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Cholesterol levels are improving for American kids and teens, study shows

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A girl squirts lemon onto a plate of fish. A new study reports that cholesterol levels of American children and adolescents improved between 1999 and 2016.
(Getty images)

Cholesterol levels in children and teens have improved, according to the latest analysis of U.S. health surveys, yet only half of them had readings considered ideal.

Overall, 7% of kids had high cholesterol in surveys from 2009-16. That was down from 10% a decade earlier. In children, high levels mean 200 or above and ideal measures are below 170.

The results were published Tuesday in the Journal of the American Medical Assn.

The researchers say the mixed bag of results could reflect stubborn rates of childhood obesity, offset by U.S. kids eating fewer snack foods containing unhealthy trans fats. Manufacturers began phasing those out before a 2018 U.S. ban.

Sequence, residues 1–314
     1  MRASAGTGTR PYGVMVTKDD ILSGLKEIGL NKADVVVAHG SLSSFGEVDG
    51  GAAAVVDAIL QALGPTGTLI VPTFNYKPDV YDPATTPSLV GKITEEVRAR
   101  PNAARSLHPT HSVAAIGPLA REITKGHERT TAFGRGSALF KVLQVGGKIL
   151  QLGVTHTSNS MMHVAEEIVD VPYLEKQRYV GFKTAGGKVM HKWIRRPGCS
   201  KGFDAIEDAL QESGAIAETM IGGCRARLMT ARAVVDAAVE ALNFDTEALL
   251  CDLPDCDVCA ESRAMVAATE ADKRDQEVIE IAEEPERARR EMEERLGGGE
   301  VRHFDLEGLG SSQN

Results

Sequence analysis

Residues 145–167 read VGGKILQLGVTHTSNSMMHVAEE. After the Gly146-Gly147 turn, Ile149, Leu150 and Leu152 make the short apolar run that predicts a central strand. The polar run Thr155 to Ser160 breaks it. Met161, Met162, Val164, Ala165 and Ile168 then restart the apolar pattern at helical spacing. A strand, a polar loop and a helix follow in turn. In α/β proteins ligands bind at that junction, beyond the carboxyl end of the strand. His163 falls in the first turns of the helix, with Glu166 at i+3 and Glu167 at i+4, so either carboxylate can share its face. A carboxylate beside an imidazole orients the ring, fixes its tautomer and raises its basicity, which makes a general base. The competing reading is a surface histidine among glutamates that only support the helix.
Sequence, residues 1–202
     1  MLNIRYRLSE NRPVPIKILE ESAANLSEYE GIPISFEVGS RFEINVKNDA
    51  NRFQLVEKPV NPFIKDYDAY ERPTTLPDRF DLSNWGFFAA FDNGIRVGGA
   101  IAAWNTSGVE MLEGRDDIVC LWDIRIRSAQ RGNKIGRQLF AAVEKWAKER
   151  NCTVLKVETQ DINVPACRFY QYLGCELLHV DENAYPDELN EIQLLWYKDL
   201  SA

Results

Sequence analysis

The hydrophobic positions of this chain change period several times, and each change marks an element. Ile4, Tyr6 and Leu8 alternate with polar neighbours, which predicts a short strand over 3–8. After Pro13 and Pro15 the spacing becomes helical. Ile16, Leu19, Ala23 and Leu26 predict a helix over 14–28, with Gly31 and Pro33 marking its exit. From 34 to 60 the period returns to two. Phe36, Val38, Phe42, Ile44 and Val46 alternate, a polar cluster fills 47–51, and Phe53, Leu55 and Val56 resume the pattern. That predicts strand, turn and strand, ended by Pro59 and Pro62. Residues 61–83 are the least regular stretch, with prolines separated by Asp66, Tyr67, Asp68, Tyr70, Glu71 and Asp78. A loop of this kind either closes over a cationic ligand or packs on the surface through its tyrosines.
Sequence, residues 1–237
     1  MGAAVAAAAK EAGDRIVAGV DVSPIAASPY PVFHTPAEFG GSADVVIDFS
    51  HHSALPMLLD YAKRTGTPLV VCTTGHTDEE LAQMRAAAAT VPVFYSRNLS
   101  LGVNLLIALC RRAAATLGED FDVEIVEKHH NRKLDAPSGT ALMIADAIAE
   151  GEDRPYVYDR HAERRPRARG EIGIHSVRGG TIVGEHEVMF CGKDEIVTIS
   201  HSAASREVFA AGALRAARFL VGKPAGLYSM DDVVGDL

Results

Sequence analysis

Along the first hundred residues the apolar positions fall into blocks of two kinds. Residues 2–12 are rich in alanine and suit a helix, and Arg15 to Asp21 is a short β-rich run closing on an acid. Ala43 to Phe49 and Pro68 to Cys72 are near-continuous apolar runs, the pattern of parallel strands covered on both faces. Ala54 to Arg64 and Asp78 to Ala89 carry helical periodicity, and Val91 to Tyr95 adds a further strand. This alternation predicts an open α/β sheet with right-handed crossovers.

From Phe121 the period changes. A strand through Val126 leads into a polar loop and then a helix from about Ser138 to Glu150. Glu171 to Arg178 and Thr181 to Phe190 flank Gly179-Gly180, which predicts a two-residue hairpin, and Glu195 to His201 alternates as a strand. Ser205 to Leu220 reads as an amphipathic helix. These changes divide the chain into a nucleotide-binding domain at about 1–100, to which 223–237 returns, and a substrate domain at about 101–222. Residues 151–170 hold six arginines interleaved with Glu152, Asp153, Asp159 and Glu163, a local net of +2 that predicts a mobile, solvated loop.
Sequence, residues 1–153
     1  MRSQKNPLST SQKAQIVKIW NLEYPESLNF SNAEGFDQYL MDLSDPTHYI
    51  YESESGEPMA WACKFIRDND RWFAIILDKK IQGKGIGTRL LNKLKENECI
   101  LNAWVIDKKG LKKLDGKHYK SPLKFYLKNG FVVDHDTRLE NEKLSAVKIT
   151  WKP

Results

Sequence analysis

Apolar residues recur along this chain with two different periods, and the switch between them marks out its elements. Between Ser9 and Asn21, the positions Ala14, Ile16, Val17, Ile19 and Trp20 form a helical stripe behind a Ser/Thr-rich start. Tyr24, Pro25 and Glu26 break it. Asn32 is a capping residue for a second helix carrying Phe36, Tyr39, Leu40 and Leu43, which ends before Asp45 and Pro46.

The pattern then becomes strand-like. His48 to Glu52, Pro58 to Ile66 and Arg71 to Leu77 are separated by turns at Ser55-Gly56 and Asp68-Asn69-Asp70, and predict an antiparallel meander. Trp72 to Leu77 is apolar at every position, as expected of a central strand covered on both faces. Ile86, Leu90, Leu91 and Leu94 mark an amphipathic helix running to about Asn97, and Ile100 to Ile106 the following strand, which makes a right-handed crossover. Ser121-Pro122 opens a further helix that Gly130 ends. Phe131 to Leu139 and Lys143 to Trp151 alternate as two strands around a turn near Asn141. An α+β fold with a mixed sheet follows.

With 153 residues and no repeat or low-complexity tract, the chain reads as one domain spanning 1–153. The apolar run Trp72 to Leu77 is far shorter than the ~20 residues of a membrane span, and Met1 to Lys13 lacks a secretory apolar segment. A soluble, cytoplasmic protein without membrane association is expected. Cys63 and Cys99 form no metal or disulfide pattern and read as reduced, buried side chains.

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FDA says trans fats are not safe and must be removed from food supply »

For the study, researchers analyzed data from more than 26,000 kids ages 6 to 19 who participated in the National Health and Nutrition Examination Survey between 2009 and 2016. The survey, which is conducted by the Centers for Disease Control and Prevention, includes home interviews, physical exams and lab tests.

About 1 in 4 teens and 1 in 5 younger children had unhealthy levels of at least one of type of blood fat, including low-density lipoprotein cholesterol and triglycerides.

High cholesterol in childhood can lead to changes that cause blood vessels to narrow, said Dr. Amanda Perak, the study’s lead author and a heart specialist at Chicago’s Lurie Children’s Hospital. Those changes put kids at risk for heart attacks and other heart trouble in adulthood, she said.

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In most cases, kids can improve cholesterol levels by adopting healthier habits, such as eating more fruits, vegetables and whole grains, cutting back on processed foods, and exercising more, Perak said.

“Lifestyle contributes in the vast majority of cases,” she said.

Obesity contributes to unhealthy cholesterol levels, and rates have remained stagnant for U.S. kids and adults. In 2015-16, 21% of teens, 18% of children ages 6 to 11, and 40% of adults were obese, according to the most recent data from the Centers for Disease Control and Prevention.


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